WATCH: Capt. Eric Ciocher Hosts ‘Space Coast Daily Fishing Report’ on Space Coast Daily TV
By Space Coast Daily // November 14, 2019
GUESTS: Capt. Alan Ryland, Jonathan Wilson and Capt. Zach Shedd
SPACE COAST DAILY TV: November 14, 2019 – Captain Eric Ciocher Hosts ‘Space Coast Daily Fishing Report’ Live on Space Coast Daily TV. Brought to you by FishAnywhere.
SPONSORED BY: FishAnywhere.com
Capt. Ciocher Has Produced and Hosted “Ultimate Catch,” seen on the World Fishing Network for More Than 10 Years
BREVARD COUNTY, FLORIDA – Several times a week, someone asks fisherman extraordinaire Captain Eric Ciocher to name his favorite fish.
Ciocher always has the identical succinct response: “The next one,” he said.
His hesitancy to name a particular favorite is understandable, for all kinds of fish have been very, very good to Ciocher, who has the enviable career of fishing around the world for a living
The Melbourne resident has launched his weekly “Space Coast Daily Fishing Report,” a half-hour show that will stream live on SpaceCoastDaily.com and Space Coast Daily Facebook page, brought to you by FishAnywhere.com
With the help of Ciocher and his many fishing-savvy guests, Brevard anglers will get the scoop on the hottest locations for the best catch.
“We’ll have local pros and captains discussing in-shore, off-shore and freshwater fishing,” he said.
Being in front of the camera to talk fishing is part of doing business for Ciocher, who for a dozen years has produced and hosted “Ultimate Catch,” a half-hour fishing show seen in the World Fishing Network.
The show has enabled Ciocher to hook fish from the Carolinas to Texas, and from the Bahamas to Baja, a dream that as a fishing-crazy kid in New Jersey Ciocher could not have imagined.
Each week, he joins some of the nation’s best anglers to fish in world-class fishing destinations.
It’s hard for Ciocher to imagine a time when he did not fish.
“I think I was three when I started,” he said.
His 13-year-old son, Joey, has picked up on Eric’s passion for angling and Ciocher has cut back on accepting gigs as a fishing guide in order to join Joey by the water at least a couple of times a week.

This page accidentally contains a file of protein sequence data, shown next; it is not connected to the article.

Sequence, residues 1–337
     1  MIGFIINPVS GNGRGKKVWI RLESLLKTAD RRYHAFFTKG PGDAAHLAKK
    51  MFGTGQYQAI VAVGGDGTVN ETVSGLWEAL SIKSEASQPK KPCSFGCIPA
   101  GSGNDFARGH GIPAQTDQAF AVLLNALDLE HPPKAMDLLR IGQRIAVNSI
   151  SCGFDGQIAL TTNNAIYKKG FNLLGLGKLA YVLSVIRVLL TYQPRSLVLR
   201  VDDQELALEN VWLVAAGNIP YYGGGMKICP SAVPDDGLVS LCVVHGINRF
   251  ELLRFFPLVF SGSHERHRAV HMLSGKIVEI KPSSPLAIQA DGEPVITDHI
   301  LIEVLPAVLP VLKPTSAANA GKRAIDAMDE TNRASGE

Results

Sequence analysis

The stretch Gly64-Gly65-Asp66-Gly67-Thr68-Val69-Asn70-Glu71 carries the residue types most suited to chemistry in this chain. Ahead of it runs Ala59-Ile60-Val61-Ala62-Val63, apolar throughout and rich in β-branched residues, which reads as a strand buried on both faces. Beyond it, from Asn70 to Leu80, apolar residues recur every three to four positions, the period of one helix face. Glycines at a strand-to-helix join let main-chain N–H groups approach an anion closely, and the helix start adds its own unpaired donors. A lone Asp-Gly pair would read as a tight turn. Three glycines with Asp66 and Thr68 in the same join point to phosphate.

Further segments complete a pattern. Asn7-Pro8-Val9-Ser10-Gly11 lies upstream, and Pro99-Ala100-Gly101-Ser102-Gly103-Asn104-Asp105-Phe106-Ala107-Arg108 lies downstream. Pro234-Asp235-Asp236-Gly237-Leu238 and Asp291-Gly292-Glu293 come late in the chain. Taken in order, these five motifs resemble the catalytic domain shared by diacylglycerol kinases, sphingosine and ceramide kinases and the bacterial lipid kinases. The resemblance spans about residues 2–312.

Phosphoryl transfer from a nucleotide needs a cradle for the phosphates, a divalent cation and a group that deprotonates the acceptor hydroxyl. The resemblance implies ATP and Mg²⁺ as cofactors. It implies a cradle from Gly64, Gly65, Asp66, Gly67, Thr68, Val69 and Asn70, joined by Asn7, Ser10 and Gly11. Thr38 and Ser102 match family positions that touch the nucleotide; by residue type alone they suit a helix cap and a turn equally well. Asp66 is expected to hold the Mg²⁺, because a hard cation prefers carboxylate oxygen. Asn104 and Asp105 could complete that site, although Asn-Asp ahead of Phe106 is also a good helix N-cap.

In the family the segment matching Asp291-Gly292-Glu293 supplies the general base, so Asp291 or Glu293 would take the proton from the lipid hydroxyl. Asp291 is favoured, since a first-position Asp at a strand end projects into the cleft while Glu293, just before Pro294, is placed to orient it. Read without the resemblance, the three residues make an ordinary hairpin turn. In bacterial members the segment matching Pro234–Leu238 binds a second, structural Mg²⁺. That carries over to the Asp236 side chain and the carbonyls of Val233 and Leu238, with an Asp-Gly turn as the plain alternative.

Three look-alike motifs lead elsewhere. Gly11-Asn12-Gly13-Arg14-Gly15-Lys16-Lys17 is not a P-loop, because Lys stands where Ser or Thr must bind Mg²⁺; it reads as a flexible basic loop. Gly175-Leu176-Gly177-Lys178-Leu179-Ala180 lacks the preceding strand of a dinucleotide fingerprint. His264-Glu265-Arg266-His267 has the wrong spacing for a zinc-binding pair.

His first 28 years were spent in Jersey, until he headed to the Space Coast and its more abundant outdoor opportunities and better fishing weather.
After a stint as a boat captain and professional fishing guide, with numerous tournament wins in the saltwater arena, in 2000 Ciocher began a career writing about the outdoors for local and national publications.
He was eventually asked to co-host a televised fishing show, which led to his current adrenaline-packed endeavor as an independent producer for the World Fishing Network.
“I go to different areas of the country and fish with the best captains and professional anglers, who teach me about the area,” said Ciocher, who also does commercials for sporting equipment manufacturers.
He had previously toyed with the movies as an extra; among his “film credits” is being part of two episodes of the 12-part HBO series “From the Earth to the Moon,” co-produced by Ron Howard and Tom Hanks, among others.
There is no tackle, from fly-fishing to spinning gear, that Ciocher hasn’t tried, because he has fished all types of bodies of water where fish can be found.
Among his career highs was a tarpon-seeking trip to Puerto Rico, where he was told he had broken the record for the most tarpon hooked in 72 hours.
Fishing in Brevard keeps him occupied in between taping of his shows, and he admits to admiring the tarpon and the snook he can find here.
Although red tide and pollution have caused disturbing fish kills locally, Ciocher sees brighter times ahead for the Space Coast waters.
“Fishing here has been pretty good lately, and I believe it’s on the upswing,” he said.
His globetrotting angling has provided Ciocher with an in-depth look at declining fish populations and has led him to support any measures that help restore bodies of water around the world.
“I’m a strong advocate for clean waterways on a global scale,” he said.
For Ciocher, the pursuit of fish is more than a sport or even a vocation. It is a philosophy of life.
“Catching the next one means I’m alive and well,” he said. “I enjoy every moment of fishing as if it were my last.”
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